IMF-World Bank Message to Ortega: First Solve the Political Crisis

The visit to the IMF’s headquarters had a different intention: request funds to strengthen reserves.

At the end of July, Ivan Acosta, head of the Treasury and Public Credit Ministry, visited the Head Offices of the World Bank (WB) and the International Monetary Fund (IMF), both in Washington D.C. He was seeking funds to oxygenate the depleted coffers of the Nicaraguan Treasury.

The mission to the World Bank was to request a “policy-based loan” similar to those that the Inter-American Development Bank (IDB) had granted in the past, and which were given as “budget support loans”, comparable to the ones that this multilateral bank has currently frozen.

The visit to the IMF headquarters had a different intention: request funds to strengthen the reserves. The responses of the IMF and the World Bank were very similar. Both institutions told Acosta that the cause of the economic slowdown in Nicaragua is political in nature; so, if there is no resolution of the political crisis, such requests for new economic loans cannot be considered.

On the one hand, regarding the loans meant for projects, the IDB is disbursing funds quite slowly. This is not yet a political decision, but is caused by bureaucratic reasons. The bank has reduced its capacity to supervise in Managua, because some of its staff was withdrawn from the country for personal security reasons. And, on the other hand, there is some caution in the disbursement of funds to prevent them from being diverted for other purposes and also because the rhythm of project execution has diminished due to the crisis in the country.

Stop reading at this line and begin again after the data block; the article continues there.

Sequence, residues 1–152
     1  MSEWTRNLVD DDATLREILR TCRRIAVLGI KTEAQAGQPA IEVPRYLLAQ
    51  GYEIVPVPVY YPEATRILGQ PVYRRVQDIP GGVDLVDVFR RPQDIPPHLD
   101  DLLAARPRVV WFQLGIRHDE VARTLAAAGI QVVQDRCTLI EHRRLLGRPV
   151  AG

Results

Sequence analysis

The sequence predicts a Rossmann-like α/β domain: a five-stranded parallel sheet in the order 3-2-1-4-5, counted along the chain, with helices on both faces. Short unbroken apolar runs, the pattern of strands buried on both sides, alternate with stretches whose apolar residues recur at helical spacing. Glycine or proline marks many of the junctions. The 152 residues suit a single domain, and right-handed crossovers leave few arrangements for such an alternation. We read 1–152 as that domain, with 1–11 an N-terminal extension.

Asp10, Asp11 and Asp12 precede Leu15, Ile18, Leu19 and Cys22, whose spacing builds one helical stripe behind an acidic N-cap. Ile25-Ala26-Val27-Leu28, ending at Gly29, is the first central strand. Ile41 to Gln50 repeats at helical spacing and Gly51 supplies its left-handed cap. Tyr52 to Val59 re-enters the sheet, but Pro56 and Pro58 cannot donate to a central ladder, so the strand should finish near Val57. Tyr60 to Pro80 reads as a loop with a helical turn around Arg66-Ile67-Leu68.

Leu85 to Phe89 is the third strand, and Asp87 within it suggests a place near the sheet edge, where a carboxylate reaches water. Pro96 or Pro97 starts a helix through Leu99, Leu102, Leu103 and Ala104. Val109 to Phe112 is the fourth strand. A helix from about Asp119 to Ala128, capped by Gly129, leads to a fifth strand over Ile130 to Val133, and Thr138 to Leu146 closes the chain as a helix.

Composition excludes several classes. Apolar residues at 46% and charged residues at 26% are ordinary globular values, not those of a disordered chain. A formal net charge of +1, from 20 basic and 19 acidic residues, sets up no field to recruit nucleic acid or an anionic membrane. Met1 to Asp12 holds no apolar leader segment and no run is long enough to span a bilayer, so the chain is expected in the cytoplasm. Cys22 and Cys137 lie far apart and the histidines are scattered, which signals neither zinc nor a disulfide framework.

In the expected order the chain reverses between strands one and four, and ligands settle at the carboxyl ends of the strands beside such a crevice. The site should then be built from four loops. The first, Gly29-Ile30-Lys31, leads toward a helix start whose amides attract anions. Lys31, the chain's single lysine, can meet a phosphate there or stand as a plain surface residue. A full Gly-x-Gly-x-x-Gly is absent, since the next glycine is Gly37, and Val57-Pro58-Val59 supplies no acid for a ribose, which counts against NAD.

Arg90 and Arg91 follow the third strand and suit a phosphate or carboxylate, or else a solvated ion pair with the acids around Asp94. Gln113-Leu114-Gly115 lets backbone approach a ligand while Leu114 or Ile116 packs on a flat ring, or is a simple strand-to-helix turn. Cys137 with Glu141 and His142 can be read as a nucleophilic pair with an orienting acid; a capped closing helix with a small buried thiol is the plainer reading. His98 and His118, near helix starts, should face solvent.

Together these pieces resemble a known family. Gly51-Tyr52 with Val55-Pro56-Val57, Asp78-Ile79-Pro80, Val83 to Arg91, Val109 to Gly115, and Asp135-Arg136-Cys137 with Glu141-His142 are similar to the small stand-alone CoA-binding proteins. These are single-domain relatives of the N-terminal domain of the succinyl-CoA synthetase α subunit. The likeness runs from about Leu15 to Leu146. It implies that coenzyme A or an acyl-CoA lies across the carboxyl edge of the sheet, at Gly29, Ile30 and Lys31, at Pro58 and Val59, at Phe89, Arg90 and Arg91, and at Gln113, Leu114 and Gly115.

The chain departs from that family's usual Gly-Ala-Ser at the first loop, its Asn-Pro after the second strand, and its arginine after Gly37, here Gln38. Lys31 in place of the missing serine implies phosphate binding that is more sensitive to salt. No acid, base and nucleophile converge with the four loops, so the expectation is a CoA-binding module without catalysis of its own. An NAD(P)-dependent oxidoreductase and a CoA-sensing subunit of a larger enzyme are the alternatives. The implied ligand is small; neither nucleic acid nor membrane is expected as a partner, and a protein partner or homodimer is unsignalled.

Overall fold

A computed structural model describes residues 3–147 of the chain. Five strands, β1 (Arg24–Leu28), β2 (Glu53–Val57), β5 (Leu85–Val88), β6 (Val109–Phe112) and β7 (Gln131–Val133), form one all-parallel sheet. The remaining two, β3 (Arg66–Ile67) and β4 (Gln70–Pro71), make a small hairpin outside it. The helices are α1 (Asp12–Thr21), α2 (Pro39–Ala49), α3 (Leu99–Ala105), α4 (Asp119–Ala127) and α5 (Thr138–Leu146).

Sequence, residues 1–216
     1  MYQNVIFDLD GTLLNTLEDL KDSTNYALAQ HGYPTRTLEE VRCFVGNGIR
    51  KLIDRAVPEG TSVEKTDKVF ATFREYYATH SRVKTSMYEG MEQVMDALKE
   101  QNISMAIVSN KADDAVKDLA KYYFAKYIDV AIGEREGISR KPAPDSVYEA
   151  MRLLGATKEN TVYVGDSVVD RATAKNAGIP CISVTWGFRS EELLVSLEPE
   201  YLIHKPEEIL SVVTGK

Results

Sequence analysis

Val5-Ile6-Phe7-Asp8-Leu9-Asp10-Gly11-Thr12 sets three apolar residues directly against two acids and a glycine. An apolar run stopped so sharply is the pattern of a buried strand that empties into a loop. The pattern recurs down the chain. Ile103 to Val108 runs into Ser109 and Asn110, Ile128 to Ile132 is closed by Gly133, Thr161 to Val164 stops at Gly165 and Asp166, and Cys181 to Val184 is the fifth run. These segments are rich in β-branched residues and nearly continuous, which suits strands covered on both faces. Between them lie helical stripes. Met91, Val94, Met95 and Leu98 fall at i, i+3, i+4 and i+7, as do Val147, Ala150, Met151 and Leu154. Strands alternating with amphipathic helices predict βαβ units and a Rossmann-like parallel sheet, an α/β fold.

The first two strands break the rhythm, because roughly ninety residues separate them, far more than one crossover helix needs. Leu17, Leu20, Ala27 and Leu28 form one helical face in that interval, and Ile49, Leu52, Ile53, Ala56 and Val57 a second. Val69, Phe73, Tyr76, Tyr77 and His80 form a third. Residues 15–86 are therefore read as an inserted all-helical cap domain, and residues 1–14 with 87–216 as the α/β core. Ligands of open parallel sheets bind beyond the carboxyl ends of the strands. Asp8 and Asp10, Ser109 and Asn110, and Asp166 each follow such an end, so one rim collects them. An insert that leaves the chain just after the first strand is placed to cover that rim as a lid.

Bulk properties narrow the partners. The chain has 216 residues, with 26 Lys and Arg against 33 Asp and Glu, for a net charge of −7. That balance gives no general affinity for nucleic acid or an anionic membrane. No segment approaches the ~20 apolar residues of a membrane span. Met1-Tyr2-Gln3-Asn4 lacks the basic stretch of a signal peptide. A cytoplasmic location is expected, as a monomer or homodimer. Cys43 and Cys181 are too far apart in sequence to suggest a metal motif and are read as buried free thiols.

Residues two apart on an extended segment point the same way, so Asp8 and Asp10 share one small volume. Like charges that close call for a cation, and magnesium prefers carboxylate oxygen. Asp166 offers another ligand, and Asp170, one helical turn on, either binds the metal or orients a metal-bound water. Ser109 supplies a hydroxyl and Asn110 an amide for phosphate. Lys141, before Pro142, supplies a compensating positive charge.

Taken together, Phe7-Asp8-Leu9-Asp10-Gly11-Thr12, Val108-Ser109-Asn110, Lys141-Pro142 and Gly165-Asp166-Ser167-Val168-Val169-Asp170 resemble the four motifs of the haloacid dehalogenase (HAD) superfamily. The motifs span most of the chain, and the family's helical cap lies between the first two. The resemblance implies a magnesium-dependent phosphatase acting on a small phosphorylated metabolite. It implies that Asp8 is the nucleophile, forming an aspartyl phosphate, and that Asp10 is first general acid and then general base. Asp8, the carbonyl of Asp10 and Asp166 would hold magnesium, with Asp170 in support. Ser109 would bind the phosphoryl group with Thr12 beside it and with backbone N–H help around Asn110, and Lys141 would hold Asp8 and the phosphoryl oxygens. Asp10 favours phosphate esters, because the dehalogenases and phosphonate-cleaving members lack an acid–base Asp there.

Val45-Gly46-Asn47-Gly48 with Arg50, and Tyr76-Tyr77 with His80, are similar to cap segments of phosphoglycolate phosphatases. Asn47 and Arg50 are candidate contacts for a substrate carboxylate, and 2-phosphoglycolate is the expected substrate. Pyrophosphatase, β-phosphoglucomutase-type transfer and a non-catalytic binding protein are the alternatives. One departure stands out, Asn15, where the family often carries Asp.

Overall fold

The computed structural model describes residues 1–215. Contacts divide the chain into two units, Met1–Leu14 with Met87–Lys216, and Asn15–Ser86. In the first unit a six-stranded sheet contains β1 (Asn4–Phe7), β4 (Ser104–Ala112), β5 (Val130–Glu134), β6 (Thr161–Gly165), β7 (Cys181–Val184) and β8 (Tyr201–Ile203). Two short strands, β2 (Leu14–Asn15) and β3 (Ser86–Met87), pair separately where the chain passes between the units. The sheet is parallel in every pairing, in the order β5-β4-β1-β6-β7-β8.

The situation with the Inter-American Development Bank could worsen drastically, if Daniel Ortega decides not to receive the Working Group created by the Organization of American States, to which the IDB belongs. Because the hemispheric entity could decide to escalate the pressure against Ortega’s Government by closing access to disbursement of funds already approved, and by denying new credits if the foreign ministers declare that in Nicaragua there is a breakdown of constitutional order.

Regarding policy loans, a source familiar with multilateral entities recalled that in the past, the World Bank and the IDB promoted (with the conditioning of disbursements), the Civil Service and Administrative Career Law; the Access to Public Information Law and the INIDE (Institute of Development Information) Survey and Database Decree, in addition to supporting public education and health.

However, neither bank “have expressed the slightest concern about the flagrant violation of these laws and decrees, nor complained about the use of ambulances financed by these organizations to transport paramilitaries and government supporters to marches by the ruling party”, stated the source.

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